JR: Yeah, it was. That worked out really well, though it definitely wasn't our choice. We had released Drunk Enough To Dance, which did really well, and it had been out for like a year before the Grammy nomination happened. So, the label wanted to sort of repackage it, as they would do back in the day--this was like '03--and we had this song, "Punk Rock 101," and they were like, "We want to put 'Punk Rock 101' on here, but we need a cover." Grand Theft Auto was out, and they were playing that Flock Of Seagulls stuff on there, and the label insisted that we cover that song. In hindsight, that's one of the only things we've done that the label demanded. It was basically a matter of doing that song, or getting the plug pulled, and it was just like, "Well, I don't really want the plug pulled right now," and I'm glad we did it because you hear that thing all over the place. There are definitely cover songs that we've chosen to do, for instance, we did the Britney Spears song, "Hit Me Baby One More Time" for the Freaky Friday movie. With that one, we got to make it our own, and that one is still a fan favorite.
MR: You also had, "I'm Gay," which was the second UK single for you, right?
JR: Yeah, that was the second single off of The Great Burrito Extortion Case. That song is about being happy, it's a happy song.
MR: We could go on and on about the past...
JR: Well, the other big ones were "Almost In Ohio" or "Come Back To Texas" and "When We Die."
MR: And, of course, Playlist: The Very Best Of Bowling For Soup is coming out soon, on Sony. So, there's that release, but let's get to Fishin' For Woos.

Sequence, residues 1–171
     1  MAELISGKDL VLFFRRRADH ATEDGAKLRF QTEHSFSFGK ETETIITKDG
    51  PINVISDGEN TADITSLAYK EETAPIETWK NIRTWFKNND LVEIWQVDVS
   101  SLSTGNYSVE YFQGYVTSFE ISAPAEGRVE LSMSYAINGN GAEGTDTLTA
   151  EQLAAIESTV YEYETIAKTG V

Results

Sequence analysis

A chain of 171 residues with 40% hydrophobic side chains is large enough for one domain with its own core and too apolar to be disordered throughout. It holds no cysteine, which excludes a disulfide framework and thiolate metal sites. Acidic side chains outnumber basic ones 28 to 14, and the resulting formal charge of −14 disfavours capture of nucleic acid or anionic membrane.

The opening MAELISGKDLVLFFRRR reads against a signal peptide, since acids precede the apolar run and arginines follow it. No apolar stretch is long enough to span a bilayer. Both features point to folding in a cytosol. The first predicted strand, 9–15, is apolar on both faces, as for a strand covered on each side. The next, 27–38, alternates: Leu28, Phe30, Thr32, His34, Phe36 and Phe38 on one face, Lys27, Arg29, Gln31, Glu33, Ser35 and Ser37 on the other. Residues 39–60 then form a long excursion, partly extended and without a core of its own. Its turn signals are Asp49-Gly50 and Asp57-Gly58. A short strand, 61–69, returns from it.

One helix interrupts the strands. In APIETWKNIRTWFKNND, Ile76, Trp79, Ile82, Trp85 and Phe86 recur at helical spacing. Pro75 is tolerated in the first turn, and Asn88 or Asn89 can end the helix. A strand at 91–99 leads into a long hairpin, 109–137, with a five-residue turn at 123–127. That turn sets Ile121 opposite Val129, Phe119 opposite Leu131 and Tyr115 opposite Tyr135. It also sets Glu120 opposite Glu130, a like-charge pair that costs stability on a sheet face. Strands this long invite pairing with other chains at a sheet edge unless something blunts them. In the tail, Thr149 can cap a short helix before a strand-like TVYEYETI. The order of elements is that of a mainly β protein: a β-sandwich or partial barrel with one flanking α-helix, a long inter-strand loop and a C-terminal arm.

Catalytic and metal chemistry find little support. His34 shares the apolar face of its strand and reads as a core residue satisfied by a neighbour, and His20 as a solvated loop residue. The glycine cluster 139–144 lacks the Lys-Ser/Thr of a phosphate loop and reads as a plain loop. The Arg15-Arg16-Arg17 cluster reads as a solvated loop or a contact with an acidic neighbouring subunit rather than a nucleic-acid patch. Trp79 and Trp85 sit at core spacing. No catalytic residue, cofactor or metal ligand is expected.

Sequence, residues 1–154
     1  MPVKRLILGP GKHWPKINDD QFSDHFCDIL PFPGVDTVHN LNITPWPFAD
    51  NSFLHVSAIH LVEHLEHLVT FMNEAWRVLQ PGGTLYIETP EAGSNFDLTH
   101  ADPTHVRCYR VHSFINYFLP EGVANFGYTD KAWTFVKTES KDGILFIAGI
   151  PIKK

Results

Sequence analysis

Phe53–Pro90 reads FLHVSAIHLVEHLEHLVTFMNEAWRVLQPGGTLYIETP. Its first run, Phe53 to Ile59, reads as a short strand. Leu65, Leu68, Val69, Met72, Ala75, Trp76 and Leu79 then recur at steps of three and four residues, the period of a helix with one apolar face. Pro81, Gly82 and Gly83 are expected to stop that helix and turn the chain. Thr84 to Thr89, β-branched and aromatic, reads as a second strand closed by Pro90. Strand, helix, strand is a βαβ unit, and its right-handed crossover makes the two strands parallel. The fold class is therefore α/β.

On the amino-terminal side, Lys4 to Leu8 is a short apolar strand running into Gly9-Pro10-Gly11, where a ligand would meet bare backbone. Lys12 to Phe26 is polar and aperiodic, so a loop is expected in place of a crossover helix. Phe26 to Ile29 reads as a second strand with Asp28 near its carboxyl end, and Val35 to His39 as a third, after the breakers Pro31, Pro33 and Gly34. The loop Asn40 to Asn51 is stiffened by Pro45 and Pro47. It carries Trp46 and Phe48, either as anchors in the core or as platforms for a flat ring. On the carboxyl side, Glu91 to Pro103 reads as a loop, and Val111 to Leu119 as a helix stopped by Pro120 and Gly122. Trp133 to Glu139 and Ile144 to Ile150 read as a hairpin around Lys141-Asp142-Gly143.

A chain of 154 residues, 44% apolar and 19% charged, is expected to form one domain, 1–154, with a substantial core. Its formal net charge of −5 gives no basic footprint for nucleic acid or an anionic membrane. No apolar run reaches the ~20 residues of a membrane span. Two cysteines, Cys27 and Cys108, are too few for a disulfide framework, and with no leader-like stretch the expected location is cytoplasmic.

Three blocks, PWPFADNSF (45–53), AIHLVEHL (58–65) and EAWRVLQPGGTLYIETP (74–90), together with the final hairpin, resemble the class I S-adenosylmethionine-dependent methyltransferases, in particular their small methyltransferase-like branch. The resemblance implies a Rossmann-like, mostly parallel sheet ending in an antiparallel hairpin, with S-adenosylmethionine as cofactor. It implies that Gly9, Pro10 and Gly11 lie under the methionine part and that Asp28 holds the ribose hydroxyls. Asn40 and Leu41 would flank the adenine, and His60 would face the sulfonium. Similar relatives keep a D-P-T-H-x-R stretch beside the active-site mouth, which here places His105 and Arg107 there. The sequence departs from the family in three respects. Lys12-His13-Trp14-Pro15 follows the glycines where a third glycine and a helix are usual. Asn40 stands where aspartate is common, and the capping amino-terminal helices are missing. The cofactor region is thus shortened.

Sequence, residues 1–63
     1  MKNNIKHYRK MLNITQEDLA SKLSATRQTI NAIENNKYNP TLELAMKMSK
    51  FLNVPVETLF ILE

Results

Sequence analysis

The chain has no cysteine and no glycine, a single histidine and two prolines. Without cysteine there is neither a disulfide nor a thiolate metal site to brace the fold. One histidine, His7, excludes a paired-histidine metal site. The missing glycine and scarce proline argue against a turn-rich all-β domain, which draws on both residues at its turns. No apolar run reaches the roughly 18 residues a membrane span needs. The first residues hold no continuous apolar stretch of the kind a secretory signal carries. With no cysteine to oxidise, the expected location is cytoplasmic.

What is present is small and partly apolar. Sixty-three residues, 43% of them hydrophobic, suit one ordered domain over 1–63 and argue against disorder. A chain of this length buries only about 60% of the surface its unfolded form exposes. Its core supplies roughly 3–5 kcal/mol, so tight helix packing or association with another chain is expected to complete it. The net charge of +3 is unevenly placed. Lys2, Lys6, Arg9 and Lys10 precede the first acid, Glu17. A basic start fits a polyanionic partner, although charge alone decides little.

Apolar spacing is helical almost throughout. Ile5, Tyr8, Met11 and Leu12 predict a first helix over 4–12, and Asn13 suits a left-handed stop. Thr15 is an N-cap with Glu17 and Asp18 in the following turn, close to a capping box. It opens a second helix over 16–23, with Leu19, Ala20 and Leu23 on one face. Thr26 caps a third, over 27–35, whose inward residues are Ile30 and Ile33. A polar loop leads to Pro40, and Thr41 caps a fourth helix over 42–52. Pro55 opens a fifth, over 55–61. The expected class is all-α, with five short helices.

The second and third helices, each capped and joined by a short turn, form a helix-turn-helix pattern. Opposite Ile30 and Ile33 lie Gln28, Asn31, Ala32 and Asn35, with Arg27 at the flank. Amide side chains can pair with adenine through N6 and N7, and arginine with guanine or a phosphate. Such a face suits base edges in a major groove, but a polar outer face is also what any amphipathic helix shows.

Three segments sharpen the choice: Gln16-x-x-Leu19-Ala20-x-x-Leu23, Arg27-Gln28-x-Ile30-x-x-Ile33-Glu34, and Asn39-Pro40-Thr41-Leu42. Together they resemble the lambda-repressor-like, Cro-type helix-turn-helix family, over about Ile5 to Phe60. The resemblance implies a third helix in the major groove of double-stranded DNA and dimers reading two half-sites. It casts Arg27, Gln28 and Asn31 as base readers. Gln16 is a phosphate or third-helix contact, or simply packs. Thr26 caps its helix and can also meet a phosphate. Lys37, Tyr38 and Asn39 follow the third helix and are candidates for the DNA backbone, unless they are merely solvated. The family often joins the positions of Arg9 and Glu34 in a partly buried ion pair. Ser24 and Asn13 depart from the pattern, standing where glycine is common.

JR: Yes, let's talk about Fishin' For Woos.
MR: Yes. Fishin' For Woos. So?
JR: Well, Fishin' For Woos is basically a term that I use for when we're playing live. For anyone who hasn't seen us, our show is very loose, and we don't use a set list or anything, we just walk out on stage, and whatever happens, happens. So, there's a lot of banter and interaction with the audience, and sometimes, I'll say something, and the audience will react with a "Woo," and I'll say, "I wasn't fishing for that, but I appreciate them." That's where the title Fishin' For Woos comes from. It's an album that I wrote last May, and we recorded it last June, and we're excited because it's our first indie album in this decade. We were on Jive for ten years, and as the industry changes, their philosophy is changing on what they want to do, so they basically dropped all of their mid-level bands, which is what we would be considered, I guess. At first it was like, "Aw man, that's a bummer," but at the same time, it frees us up to do so many things that we've always wanted to do, and one of those was to make a new record, and get it out as soon as possible, so that's what we did.